# Arduino Lightning Detector W/ Real Time Graphing

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## Introduction: Arduino Lightning Detector W/ Real Time Graphing

Hi! This is my first Instructable, and I would love feedback!

This project started one day when I was bored. I Googled 'Arduino Projects,' and this came up on the Arduino playground.

NOTE: This was not my original idea, I discovered it on the Arduino playground, but here is the original article: http://runtimeprojects.com/2016/02/a-lightning-detector-for-arduino/ . I have made modifications to my project, which I think may make it better.

You need:

1. x1 Arduino
(I started on an Uno but ended up using a Micro)
(You could eventually end up using a Perfboard, I guess)
3. x4-7 Jumper wires
(To connect components)
4. x1 Voltage Divider Circut
You have two options:
1. x1 Potentiometer
2. x3 Resistors
1. x2 10K Ohm
2. x1 3.3M Ohm

## Step 1: Background Lightning Knowledge

When lightning strikes it releases many kinds of energy. Most people know it releases light & sound, but Lightning also releases radio waves, specifically in the VLF (Very Low Frequency) to the LF (Low Frequency) ranges, or about 3 to 300 KHz. With the Arduino, frequencies of about 7 KHz can be captured, which is well within the limits of frequencies emitted.

With this project, we should be able to pick up lightning within about 12.5 miles (20 kilometers).

## Step 2: The Circuit

WARNING: Lightning can induce both positive and negative currents in the wire, so please follow the instructions carefully, being 100% certain that your voltage divider is working to avoid damaging your Arduino.

The circuit is very simple. The most complicated part is called a voltage divider, this is to prevent our Arduino from being damaged by the currents induced in the wire by Lightning.

There are a few different ways you can implement a voltage divider into your circuit.

Option 1: Resistor

If you are going to use resistors, you will need to attach them like in the 2nd picture.
Option 2: Potentiometer

If you are going to use a potentiometer, then you can attach it as in the circuit diagram, the first picture.

## Step 3: The Code

There are two different programs running for normal operation.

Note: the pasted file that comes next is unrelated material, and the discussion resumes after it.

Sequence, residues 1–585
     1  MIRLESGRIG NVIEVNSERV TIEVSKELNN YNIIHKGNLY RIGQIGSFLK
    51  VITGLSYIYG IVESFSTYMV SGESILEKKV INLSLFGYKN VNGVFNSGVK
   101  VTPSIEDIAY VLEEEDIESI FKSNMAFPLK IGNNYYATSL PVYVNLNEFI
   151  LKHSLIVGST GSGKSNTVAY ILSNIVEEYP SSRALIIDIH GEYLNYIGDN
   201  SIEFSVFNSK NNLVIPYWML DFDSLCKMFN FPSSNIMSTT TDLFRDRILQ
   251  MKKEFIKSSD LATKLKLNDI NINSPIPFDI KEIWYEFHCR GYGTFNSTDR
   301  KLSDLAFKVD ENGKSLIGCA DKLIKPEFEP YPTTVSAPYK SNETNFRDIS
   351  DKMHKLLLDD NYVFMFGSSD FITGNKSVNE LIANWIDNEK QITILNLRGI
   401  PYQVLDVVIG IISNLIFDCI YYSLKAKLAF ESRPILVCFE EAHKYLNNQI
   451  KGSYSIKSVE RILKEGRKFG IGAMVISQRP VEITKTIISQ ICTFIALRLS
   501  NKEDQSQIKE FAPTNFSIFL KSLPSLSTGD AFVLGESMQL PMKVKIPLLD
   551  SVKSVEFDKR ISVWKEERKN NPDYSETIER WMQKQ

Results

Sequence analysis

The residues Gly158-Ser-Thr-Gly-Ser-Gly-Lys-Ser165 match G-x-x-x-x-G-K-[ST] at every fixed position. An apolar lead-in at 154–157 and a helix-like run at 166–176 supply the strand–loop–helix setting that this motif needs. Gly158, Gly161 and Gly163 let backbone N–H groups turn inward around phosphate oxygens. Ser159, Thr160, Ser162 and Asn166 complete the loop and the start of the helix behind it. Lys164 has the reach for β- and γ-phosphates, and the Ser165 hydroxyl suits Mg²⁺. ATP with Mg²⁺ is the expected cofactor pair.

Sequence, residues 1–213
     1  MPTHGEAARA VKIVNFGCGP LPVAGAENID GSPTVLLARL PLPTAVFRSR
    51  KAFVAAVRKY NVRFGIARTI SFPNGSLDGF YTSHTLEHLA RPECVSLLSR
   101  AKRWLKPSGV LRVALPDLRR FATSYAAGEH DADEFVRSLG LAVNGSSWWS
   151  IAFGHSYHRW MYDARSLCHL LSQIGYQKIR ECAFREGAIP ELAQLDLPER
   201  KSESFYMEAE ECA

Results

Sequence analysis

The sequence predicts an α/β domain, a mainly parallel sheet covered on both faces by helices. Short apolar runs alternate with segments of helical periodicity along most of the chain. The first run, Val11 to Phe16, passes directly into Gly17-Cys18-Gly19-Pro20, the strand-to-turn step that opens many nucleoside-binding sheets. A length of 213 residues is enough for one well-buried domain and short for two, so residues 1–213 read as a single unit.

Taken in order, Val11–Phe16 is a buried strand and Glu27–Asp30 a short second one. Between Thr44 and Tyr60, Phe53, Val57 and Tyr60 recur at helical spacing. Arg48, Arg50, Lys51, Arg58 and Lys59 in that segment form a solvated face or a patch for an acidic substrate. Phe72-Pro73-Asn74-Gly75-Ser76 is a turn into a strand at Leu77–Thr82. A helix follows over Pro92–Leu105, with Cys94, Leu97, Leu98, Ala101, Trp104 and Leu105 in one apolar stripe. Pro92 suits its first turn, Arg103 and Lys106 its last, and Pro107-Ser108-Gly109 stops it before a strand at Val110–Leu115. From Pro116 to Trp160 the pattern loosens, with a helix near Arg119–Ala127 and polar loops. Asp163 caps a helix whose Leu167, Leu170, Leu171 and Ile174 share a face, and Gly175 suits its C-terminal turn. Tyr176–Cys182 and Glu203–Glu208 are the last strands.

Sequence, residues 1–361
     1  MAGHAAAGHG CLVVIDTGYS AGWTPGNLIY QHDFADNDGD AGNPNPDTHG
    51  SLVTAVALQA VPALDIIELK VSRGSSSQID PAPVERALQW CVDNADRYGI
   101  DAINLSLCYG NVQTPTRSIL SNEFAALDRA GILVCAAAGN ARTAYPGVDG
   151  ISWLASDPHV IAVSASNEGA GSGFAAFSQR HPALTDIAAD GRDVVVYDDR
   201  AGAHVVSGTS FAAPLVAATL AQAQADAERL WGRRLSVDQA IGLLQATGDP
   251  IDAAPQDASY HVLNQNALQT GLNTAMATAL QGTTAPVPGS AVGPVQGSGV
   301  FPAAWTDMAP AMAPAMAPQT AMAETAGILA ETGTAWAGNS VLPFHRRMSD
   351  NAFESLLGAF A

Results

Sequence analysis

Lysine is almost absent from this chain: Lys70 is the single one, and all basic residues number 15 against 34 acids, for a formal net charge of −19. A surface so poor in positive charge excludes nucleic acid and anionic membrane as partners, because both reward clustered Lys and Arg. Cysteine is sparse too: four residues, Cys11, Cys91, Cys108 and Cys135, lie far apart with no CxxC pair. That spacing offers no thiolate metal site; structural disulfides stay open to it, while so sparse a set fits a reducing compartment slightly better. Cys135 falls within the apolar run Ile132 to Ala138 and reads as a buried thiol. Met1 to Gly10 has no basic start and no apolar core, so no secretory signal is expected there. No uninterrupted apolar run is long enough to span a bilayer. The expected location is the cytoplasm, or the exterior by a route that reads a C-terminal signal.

1. Arduino
The Arduino program is very simple.
void setup() {
Serial.begin(115200); //Setup serial communications at 115200 baud.
pinMode(A4, INPUT); //Define analog pin 4 as an input
}

void loop() {
Serial.println(analogRead(A4)); //Print the value from pin A4 to the serial port
}
2. Processing
The Processing program is a bit more complicated
import processing.serial.*;
Serial myPort; // The serial port

int xPos = 1; // horizontal position of the graph float inByte = 0;

void setup () {
// set the window size (Note: can be scaled for your screen):
size(1000, 750);

// List all the available serial ports
// if using Processing 2.1 or later, use Serial.printArray()
println(Serial.list());

// Open whatever port is the one you're using.
//Change the 0 to whatever # in the list you are using (-1)
myPort = new Serial(this, Serial.list()[0], 115200);

// don't generate a serialEvent() unless you get a newline character:
myPort.bufferUntil('\n');

// set inital background:
background(0);
}
void draw () {
// draw the line:
stroke(127, 34, 255);
line(xPos, height, xPos, height - inByte);

// at the edge of the screen, go back to the beginning:
if (xPos >= width) {
xPos = 0;
background(0);
}
else {
// increment the horizontal position:
xPos++;
}
}

void serialEvent (Serial myPort) {
// get the ASCII string:

if (inString != null) {
//trim off any whitespace:
inString = trim(inString);
// convert to an int and map to the screen height:
inByte = float(inString);
println(inByte);
inByte = map(inByte, 0, 1023, 0, height);
}
}

## Recommendations

• ### Arduino Class

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• ### Trash to Treasure

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